South Korea’s re-elected president has vouched to eliminate carbon emissions by 2050. This has happened right at the heels of the statement given by Japan’s new prime minister to accelerate the nation’s emission targets.
South Korean President Moon Jae-in has stated that “replacing coal power generation with renewable energy” is the foremost importance for reaching the net-zero goal by 2050. He has also said that they plan to “expand financial support to local renewable energy businesses”.
South Korea will be using KRW8 trillion (US$7.04 billion) of the Green New Deal budget which would also renovate and replace buildings using a KRW2.4 trillion urban spaces and infrastructure fund. The government said that President Moon will also deploy 116,000 electric and hydrogen vehicles and the green deal would also allocate another KRW4.3 trillion for a charging station network that includes rapid chargers.
The South Korean President has also mentioned another deal that will finance a transition to renewables by “strengthening the safety net and developing human resources.”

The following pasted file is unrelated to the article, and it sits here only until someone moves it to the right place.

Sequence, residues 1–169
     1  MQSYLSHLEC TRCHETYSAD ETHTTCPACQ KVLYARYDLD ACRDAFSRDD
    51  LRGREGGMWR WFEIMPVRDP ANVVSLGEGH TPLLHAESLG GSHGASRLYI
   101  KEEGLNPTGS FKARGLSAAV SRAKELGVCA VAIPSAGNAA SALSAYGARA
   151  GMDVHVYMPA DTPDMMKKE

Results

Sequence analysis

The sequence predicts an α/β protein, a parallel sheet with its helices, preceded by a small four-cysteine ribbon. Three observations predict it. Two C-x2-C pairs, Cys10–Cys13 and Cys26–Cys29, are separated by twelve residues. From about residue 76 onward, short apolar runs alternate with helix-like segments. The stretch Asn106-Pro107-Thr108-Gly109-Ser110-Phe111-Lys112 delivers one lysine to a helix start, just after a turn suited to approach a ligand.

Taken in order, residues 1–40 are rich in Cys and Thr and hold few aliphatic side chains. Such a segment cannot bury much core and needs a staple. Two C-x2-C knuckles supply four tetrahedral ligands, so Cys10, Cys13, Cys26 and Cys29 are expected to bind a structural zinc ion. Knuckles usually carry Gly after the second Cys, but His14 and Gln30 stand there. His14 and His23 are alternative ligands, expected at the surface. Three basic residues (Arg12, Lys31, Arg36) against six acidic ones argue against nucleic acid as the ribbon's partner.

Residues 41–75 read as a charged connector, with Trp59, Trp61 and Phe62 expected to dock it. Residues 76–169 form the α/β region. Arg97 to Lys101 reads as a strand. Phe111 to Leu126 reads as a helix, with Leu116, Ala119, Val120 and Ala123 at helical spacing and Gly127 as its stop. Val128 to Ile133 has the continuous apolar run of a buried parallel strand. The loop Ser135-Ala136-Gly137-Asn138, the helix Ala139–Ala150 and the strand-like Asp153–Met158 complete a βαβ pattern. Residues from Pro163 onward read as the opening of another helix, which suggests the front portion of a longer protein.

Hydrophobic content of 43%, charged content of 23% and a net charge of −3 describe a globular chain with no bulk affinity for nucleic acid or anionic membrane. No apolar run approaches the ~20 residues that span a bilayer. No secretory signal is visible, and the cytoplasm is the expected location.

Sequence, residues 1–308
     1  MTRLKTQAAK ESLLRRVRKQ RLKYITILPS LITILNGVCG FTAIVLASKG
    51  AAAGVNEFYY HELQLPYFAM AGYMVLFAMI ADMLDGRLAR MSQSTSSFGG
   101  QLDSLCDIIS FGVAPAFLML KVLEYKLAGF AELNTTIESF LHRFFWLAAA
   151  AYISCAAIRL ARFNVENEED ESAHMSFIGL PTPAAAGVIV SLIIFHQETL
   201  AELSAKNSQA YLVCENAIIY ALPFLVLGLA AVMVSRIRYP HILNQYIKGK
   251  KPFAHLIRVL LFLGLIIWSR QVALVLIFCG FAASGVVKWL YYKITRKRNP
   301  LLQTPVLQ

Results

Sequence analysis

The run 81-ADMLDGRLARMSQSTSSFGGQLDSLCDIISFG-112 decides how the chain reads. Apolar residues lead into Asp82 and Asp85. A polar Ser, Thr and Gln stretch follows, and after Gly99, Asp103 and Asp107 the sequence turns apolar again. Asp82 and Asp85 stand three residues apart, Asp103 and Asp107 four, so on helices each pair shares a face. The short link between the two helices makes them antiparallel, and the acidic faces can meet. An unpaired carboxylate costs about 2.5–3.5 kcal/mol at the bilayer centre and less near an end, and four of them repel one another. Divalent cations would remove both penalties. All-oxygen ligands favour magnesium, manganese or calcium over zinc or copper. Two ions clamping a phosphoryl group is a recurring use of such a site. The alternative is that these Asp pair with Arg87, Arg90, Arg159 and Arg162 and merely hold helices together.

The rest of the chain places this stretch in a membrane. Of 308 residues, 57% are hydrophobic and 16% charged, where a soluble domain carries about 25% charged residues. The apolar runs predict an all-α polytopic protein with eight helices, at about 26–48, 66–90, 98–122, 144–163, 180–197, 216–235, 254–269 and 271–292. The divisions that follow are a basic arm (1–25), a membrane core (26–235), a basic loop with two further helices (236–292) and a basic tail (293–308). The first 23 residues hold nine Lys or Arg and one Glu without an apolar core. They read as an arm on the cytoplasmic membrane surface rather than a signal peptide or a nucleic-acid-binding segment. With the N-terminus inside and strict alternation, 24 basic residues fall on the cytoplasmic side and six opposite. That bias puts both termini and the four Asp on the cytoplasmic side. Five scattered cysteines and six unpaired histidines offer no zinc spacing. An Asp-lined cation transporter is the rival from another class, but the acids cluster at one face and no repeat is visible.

Joojin Kim, the Managing Director of Solutions for Our Climate (SFOC) said that “We welcome President Moon Jae-in’s declaration to reach net-zero emissions by 2050. South Korea is finally one step closer to aligning itself with the reduction pathway compatible with Paris Agreement goals. However, there is much to be done to make this declaration actually meaningful. The most urgent tasks are enhancing [Korea’s] 2030 emissions reduction target, presenting a clear roadmap to phase out coal by 2030, and putting a complete stop to coal financing.”
These declarations were made two days after newly-appointed Japanese prime minister Yoshihide Suga accelerated their plans to reach net-zero greenhouse gas emissions. His predecessor Shinzo Abe planned to reduce their emission by 80% of their emission in 2010 by mid-century, without setting an exact year to hit net-zero.
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